From start-ups to billion-dollar companies, human resource (HR) professionals & hiring managers understand the need to build & maintain long-lasting relationships with employees – professional affiliations that are viewed as mutually beneficial for each.
How Re-emerging Workplace Relies on Tech-Heavy Hiring Processes
Well-managed employees who have been appropriately vetted in the hiring process tend to be happy, often a company’s most essential and fundamental asset.
Human resource professionals across businesses and economic sectors have certainly kept pace with the many innovative and remarkable technological advances in recent history. However, the unexpected business-as-usual disruption caused by COVID-19 has accelerated the need to digitize traditional hiring processes.
A re-emerging, post-pandemic workplace will need to develop seamless, electronic pre-employment processes, including the important function of verifying an applicant’s employment verification, to remain competitive and to keep the business sufficiently protected.
The modern business world now mandates that companies routinize electronic pre-employment hiring processes for two primary purposes –
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- To cut costs by implementing efficiencies offered by technological innovations.
- To protect the company by investigating and checking the background (and integrity) of potential new hires.
Both of these objectives are equally important as studies over the past decade indicate that many job applicants tend to embellish (or are less than truthful) regarding information disclosed on a job application.
CNBC references an industry survey (2020) that reveals more than ¾ of job applicants admitted to misrepresenting themselves in some way during the hiring process.
Uncover the Truth with the Use of an Employment Verification
The pandemic’s arrival caused a spike in the United States’ unemployment rate (to 14%+ Q1 & Q2 of 2020) according to the Bureau of Labor Statistics (BLS.)
Higher unemployment increases competitiveness across job markets. As jobs become more competitive, applicants are simply more apt to modify (or hide) specific aspects of their background in hopes of creating a more appealing resume to better their chances of being selected for the job.
Often, job applicants modify their professional and personal information in ways that a trained HR individual can quickly identify. However, in an age of rampant fraud, it has become even more important to verify a job application’s contents and an applicant’s work history through a quick, easy-to-use digitized employment verification process.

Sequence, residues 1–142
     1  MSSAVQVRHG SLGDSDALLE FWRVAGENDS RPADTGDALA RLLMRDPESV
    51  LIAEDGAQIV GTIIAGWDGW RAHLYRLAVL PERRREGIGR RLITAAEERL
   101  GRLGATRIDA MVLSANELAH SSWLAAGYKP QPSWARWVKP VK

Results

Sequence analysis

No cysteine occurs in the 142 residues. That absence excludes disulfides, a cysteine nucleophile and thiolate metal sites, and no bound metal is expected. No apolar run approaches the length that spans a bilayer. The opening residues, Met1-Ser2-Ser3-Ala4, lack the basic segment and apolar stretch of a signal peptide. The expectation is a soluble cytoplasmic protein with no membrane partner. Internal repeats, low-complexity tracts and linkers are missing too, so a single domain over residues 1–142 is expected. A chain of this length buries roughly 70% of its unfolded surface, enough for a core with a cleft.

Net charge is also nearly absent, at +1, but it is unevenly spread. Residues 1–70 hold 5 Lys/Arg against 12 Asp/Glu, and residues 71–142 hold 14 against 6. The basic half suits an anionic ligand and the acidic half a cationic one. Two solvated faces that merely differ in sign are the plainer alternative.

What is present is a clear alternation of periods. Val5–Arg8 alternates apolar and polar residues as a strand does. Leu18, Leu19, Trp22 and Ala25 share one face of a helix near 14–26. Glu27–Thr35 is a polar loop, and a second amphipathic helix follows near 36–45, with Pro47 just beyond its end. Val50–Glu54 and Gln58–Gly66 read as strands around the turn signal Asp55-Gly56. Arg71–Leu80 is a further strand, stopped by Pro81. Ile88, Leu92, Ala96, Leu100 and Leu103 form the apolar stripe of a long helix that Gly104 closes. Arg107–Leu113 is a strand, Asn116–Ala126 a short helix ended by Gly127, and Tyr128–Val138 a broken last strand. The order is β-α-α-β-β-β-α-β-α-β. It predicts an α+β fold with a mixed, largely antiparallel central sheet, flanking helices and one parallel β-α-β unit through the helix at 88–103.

The reality is that if an applicant modifies or embellishes their work history, they have put forth information that may impact their professional experience and thus their ability to succeed in filling the open job position in question.
If an unqualified applicant is hired for the available job, eventually, the applicant’s inabilities will become transparent, and the position will have to be filled with a more qualified individual – an additional expense that eats away at company profits.
The CNBC survey noted above includes these interesting job applicant responses regarding misrepresenting themselves on a job application –
- About half of the survey’s respondents indicated they modified the job’s length to avoid listing another employer during that time slot.
- About 40% of the respondents listed a previous job title as a director when their actual title was a manager or an equivalent position.
The Employment Verification – Be Certain the Applicant is Truthful
Employment verification is an essential tool for HR professionals. It allows for those tasked with hiring quality employees to determine if any inconsistencies exist between the data disclosed by an applicant on the employment application and that of the applicant’s actual employment history.
Many states have developed laws that determine what information can be released by employers; however, it is relevant to note that the Privacy Act of 1974 prohibits employers from disclosing identifiable information (on a personal level).
Employing organizations often establish their own rules. In general, this type of data regarding an applicant’s work history is generally released–
- If the job applicant has been employed by the business listed on the application.
- Dates of employment & the reason for termination/separation, where allowed by law.
- Skills and qualifications.
- Job Title.
- Salary history, where allowed by law.
- Professional conduct or disciplinary actions, or any other work-related data.
Choosing to routinely use an employment verification as a part of a business’s employment screening/hiring process is prudent as it allows for companies to make qualified hiring decisions based on data that has been checked for its accuracy and integrity.
Ultimately, an employment verification helps companies ensure it hires the most suitable and trustworthy candidates for job openings.
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